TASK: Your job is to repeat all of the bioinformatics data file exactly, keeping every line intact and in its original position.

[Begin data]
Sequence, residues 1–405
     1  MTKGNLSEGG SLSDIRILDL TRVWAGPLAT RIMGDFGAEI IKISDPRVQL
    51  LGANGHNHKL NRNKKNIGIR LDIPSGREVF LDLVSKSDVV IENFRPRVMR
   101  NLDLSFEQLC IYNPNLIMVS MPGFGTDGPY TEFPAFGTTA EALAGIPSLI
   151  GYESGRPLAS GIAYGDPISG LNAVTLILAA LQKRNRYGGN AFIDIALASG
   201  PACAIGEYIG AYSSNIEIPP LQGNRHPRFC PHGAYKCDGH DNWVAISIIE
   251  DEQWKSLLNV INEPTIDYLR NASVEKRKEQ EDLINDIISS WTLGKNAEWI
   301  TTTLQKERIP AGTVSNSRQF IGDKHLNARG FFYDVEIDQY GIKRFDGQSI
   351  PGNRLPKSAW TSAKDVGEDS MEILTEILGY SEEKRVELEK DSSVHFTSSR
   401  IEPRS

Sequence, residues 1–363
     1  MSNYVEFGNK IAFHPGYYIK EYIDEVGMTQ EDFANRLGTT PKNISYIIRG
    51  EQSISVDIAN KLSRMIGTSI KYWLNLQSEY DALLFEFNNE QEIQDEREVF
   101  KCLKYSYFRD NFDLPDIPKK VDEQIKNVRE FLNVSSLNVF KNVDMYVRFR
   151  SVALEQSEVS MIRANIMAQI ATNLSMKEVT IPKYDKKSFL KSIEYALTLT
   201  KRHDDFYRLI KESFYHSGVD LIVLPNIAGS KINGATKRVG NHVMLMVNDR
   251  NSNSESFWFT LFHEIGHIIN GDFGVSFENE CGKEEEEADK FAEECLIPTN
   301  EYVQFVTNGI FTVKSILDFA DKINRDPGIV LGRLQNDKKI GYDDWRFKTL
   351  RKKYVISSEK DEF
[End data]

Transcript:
Sequence, residues 1–405
     1  MTKGNLSEGG SLSDIRILDL TRVWAGPLAT RIMGDFGAEI IKISDPRVQL
    51  LGANGHNHKL NRNKKNIGIR LDIPSGREVF LDLVSKSDVV IENFRPRVMR
   101  NLDLSFEQLC IYNPNLIMVS MPGFGTDGPY TEFPAFGTTA EALAGIPSLI
   151  GYESGRPLAS GIAYGDPISG LNAVTLILAA LQKRNRYGGN AFIDIALASG
   201  PACAIGEYIG AYSSNIEIPP LQGNRHPRFC PHGAYKCDGH DNWVAISIIE
   251  DEQWKSLLNV INEPTIDYLR NASVEKRKEQ EDLINDIISS WTLGKNAEWI
   301  TTTLQKERIP AGTVSNSRQF IGDKHLNARG FFYDVEIDQY GIKRFDGQSI
   351  PGNRLPKSAW TSAKDVGEDS MEILTEILGY SEEKRVELEK DSSVHFTSSR
   401  IEPRS

Sequence, residues 1–363
     1  MSNYVEFGNK IAFHPGYYIK EYIDEVGMTQ EDFANRLGTT PKNISYIIRG
    51  EQSISVDIAN KLSRMIGTSI KYWLNLQSEY DALLFEFNNE QEIQDEREVF
   101  KCLKYSYFRD NFDLPDIPKK VDEQIKNVRE FLNVSSLNVF KNVDMYVRFR
   151  SVALEQSEVS MIRANIMAQI ATNLSMKEVT IPKYDKKSFL KSIEYALTLT
   201  KRHDDFYRLI KESFYHSGVD LIVLPNIAGS KINGATKRVG NHVMLMVNDR
   251  NSNSESFWFT LFHEIGHIIN GDFGVSFENE CGKEEEEADK FAEECLIPTN
   301  EYVQFVTNGI FTVKSILDFA DKINRDPGIV LGRLQNDKKI GYDDWRFKTL
   351  RKKYVISSEK DEF